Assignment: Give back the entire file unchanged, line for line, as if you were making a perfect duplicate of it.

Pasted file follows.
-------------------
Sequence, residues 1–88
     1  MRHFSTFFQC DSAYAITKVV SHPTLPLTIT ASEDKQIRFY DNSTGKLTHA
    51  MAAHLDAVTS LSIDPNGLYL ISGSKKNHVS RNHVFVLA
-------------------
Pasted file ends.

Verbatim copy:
Sequence, residues 1–88
     1  MRHFSTFFQC DSAYAITKVV SHPTLPLTIT ASEDKQIRFY DNSTGKLTHA
    51  MAAHLDAVTS LSIDPNGLYL ISGSKKNHVS RNHVFVLA